I learned about her architecture commissions for the Saudi royal family, residences and restaurants designed in Moscow, and private commissions for clients including Christian Dior, Givenchy, and Hermès. We also talked about possibilities for the future. When other dealers had previously approached her, they were interested in reissuing her past works, but she wanted to create something new, energized in part by this new generation interested in her work. She recounted how her friend, the late art historian and critic, Patrick Favardin, told her, “Would Yves Saint Laurent redo his 1972 collection?”. This was the beginning of a lifelong bond and collaboration between us.
The pivotal exhibition New Work opened at Demisch Danant in collaboration with Lehmann Maupin Gallery in 2006, the outcome of the years of in-depth research, conversation, and friendship between Suzanne Demisch, Stéphane Danant, and Maria Pergay. Her first exhibition in New York in more than thirty years, New Work presented a groundbreaking body of fifteen new pieces including Flying Shelf (2005), Untitled (Tiger Table) 2005, and Drape Cabinet (2005)—the first of the new works to be prototyped. Through the years and on the occasion of various solo and group exhibitions, Demisch Danant has presented historic pieces from the 1950s onward. The ongoing collection and exhibition of past and present works has brought a new depth of understanding to Maria Pergay’s œuvre that continues to reveal itself to this day.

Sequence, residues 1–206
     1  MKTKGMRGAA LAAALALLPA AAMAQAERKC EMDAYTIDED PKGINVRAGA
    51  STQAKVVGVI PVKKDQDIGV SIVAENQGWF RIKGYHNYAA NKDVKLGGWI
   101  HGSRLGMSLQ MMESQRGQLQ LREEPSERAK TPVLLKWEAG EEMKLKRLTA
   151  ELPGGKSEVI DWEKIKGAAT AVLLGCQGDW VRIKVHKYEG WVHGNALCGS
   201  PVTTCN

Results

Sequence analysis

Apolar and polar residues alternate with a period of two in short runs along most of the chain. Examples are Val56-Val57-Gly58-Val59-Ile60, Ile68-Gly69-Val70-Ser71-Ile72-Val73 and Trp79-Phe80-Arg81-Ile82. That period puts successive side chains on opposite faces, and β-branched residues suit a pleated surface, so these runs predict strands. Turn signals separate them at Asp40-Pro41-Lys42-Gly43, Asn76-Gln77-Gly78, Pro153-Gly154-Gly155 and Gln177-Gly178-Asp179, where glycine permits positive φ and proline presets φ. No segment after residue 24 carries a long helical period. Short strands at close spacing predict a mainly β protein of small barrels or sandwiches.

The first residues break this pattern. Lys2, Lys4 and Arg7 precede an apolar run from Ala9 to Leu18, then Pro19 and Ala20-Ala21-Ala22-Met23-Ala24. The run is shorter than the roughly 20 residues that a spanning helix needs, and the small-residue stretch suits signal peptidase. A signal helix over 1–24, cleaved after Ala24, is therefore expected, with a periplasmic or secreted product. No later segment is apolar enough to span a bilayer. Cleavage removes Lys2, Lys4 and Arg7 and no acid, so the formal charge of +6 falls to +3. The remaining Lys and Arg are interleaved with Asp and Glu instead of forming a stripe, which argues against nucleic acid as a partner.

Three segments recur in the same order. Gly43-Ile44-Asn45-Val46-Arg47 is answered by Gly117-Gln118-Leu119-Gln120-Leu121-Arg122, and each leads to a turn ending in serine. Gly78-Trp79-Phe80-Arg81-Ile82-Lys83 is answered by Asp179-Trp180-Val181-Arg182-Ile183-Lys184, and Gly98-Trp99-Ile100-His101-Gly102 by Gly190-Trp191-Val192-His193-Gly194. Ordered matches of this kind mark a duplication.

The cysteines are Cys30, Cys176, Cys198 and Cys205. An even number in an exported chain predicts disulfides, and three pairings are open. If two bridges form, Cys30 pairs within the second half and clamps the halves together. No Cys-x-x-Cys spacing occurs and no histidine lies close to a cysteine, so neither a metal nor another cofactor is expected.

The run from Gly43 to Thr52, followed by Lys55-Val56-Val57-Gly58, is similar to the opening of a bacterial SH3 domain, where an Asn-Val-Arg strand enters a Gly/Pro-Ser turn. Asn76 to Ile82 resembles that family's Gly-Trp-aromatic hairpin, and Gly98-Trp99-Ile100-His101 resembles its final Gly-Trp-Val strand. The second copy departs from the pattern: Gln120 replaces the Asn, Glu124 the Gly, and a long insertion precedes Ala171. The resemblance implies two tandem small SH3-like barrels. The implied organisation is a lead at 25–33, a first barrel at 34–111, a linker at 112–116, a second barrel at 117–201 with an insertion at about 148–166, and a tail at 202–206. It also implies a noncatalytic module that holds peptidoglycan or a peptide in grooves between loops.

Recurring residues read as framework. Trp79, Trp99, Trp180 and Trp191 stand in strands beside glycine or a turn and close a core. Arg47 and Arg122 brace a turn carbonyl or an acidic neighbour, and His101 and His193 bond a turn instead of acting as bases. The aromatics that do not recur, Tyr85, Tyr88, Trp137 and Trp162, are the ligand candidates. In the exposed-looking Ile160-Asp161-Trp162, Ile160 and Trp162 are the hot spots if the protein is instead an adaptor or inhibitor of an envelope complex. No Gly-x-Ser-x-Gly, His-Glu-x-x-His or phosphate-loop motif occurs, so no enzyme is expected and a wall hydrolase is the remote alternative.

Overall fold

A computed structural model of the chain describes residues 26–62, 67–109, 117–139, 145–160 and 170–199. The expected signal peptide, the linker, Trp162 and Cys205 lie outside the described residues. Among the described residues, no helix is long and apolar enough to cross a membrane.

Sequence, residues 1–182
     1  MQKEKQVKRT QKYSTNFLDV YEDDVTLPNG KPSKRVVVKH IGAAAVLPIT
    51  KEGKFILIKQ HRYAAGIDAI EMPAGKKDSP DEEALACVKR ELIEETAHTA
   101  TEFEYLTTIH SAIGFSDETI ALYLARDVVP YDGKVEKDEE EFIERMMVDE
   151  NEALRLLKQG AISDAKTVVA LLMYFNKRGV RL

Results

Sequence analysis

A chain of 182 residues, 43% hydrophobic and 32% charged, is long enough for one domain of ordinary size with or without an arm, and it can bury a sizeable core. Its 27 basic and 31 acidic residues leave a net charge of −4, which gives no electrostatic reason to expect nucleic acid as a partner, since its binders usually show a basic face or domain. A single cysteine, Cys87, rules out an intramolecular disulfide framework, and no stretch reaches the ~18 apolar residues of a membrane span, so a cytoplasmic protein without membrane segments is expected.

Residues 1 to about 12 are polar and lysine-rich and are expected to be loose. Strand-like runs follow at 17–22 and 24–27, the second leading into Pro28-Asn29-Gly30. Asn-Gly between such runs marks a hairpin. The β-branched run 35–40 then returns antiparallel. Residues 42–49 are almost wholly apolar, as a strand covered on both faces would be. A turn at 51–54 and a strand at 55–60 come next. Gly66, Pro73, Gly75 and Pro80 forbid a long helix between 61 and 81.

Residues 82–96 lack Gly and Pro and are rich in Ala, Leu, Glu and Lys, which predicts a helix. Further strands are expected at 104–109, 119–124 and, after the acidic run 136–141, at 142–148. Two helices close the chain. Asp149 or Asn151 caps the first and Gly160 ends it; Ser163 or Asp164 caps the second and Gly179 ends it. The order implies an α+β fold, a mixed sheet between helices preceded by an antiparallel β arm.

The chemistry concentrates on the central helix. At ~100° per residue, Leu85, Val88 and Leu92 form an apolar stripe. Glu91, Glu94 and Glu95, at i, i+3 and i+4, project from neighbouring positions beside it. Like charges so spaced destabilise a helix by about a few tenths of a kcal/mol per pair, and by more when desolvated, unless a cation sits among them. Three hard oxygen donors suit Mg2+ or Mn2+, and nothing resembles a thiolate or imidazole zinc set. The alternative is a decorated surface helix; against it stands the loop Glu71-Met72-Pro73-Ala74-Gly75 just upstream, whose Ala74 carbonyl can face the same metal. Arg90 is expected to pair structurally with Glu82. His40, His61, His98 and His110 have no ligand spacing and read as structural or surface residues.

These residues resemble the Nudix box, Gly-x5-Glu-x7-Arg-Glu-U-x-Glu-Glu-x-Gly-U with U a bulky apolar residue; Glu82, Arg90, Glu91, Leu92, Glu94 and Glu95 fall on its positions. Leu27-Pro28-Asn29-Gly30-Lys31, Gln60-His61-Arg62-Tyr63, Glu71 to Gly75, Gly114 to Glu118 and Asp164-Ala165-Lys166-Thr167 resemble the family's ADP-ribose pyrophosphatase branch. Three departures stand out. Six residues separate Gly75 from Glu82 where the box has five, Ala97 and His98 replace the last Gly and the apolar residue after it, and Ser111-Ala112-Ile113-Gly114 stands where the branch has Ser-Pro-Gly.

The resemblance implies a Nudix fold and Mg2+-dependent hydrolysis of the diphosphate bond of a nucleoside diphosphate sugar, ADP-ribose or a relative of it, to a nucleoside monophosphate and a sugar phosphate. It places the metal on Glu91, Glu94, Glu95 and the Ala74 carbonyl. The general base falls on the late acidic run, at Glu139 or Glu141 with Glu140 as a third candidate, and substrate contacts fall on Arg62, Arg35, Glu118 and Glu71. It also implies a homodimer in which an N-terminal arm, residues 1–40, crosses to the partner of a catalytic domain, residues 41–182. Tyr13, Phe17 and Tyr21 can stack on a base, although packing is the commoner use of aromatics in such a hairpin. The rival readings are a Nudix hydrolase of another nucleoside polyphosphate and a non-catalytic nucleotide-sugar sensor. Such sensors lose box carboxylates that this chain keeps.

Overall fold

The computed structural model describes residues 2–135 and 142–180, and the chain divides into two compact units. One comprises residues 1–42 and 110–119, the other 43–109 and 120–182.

Maria Pergay never belonged to a distinct design movement or group of designers. She was a free-spirited individual, content with indulging in the framework of her own imagination rather than the influences of her contemporaries. When questioned, she refused to be designated solely as an artist, designer or decorator, but described herself as a servant to her own creative impulses, particularly as a “captor of ideas.”
Despite the absence of a calculated artistic agenda, retrospect makes clear the consistent core vision maintained by Maria Pergay throughout her career. She worked in broad strokes, concentrating on the physicality of ideas rather than the details. She introduced and revisited materials and motifs—not with a sense of repetition—but rather as manifestations of her creative vocabulary. She was among a handful of designers of her generation who worked with fervor throughout their entire life—a remarkable accomplishment. Her enthusiasm was undeniable and her creative flow was unstoppable.
Suzanne Demisch and Stéphane Danant’s meeting with Maria Pergay was a crucial moment in their lives that not only shaped the trajectory of the gallery and their understanding of their role as dealers, but also forged an enduring familial tie with one of the most singular visionaries of the 20th and 21st centuries. Through their work with Demisch Danant, they take immense pride in their ongoing dedication to reposition Maria Pergay rightfully within the canon, perpetuating and honoring her legacy.
–Suzanne Demisch and Stéphane Danant
New York, NY, November 7, 2023